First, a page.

It was such a nice day today, it really felt like the first day of spring. Caroline and I were inspired to spend time outside on our day off. We got our garden started (finally) with some herbs, salad greens, tomatoes, and chillis.
The small plants on the right are the ones we planted today. On the left are some pinkeye potatoes that have been going for a while already.
Caroline: Since it was so warm today, we were craving some seafood and some cold beer (and wine).
We got a kilo of mussels (a perfect amount for 2 people) for only $10!
Mussels are delicious, inexpensive, and SO easy to prepare. They’re also really versatile, you can use pretty much whatever veggies you have on hand and stock, beer, or wine for your liquid base. Mussels and beer are a classic match and exactly what we felt like eating tonight. Below is our recipe.
Finely slice a small onion and fry in some olive oil until trasparent.
Add some julienne (finely sliced) carrot, fennel and asparagus and 2 -3 cloves of crushed garlic.
After a few minutes, place the mussels in the pot and pour in about 1/3 of a bottle of beer (lager or the classic belgian witbier works best).Otherwise, you can use dry white wine. ( Also, make sure you have removed the beards from the mussels)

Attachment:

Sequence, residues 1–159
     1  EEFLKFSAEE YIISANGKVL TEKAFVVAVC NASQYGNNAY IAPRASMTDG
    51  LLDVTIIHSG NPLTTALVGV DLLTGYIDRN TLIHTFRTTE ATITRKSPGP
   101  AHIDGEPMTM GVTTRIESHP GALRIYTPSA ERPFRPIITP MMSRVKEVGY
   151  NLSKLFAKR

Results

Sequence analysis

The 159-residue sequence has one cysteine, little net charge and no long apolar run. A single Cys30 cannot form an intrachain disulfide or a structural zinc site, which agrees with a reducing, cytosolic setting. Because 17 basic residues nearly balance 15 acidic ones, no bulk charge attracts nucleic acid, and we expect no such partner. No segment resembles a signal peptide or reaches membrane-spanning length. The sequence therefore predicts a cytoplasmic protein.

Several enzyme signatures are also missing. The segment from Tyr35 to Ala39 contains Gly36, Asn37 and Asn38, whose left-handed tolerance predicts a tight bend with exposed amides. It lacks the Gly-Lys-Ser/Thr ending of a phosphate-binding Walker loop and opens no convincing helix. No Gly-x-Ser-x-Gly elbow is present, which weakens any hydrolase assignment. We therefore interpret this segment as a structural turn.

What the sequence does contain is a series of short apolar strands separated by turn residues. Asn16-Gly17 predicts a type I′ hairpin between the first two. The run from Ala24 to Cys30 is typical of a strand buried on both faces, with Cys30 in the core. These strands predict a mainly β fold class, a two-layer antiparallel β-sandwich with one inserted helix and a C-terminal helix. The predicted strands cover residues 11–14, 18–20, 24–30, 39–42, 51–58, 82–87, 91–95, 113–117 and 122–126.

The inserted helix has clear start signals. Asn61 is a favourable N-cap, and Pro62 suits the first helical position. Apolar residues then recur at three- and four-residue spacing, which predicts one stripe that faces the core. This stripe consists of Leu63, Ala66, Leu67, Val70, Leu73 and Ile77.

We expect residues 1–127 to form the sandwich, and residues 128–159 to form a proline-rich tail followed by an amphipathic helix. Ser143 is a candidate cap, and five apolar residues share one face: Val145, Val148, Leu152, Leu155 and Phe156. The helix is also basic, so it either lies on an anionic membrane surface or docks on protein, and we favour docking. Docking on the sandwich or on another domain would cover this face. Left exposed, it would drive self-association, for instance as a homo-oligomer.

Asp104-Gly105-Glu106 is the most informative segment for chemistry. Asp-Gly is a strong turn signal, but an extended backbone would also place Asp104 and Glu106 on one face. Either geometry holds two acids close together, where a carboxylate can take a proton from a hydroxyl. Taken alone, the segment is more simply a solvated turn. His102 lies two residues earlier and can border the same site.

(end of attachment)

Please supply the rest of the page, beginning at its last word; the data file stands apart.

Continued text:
Give them a stir and place the lid on for 8-10 minutes, until the mussels have opened their shells.
Season with some cracked pepper and add finely diced fresh tomato and some flat leaf parsley. Finish with a squeeze of lemon juice.
Serve with some fresh crusty bread and butter.
Caroline: I had a glass of Pooley 2010 Late Harvest Riesling with my mussels. I LOVE late harvest riesling (and Pooley) but it was too sweet for the mussels. A dryer riesling would have worked much better. The sweetness of the late harvest ended up making the mussels taste a bit soapy, so I moved onto to Kris’ beer for the rest of the meal. By itself, the wine was great, so I just enjoyed it by itself as my dessert instead. I think Kris had the better match with beer….
Kris: I opted for Weihenstephaner Original Bayrisch Mild (Helles) Lager from Germany. It was a great match with the mussels.It was an easy drinking lager with slightly sweet, honey malt character and some citrus hop flavour. Nothing too exciting. I do like a dry Pilsner or Belgian Witbier with mussels too.
Caroline: Thanks for dinner Kris.
Kris: No problem tiger.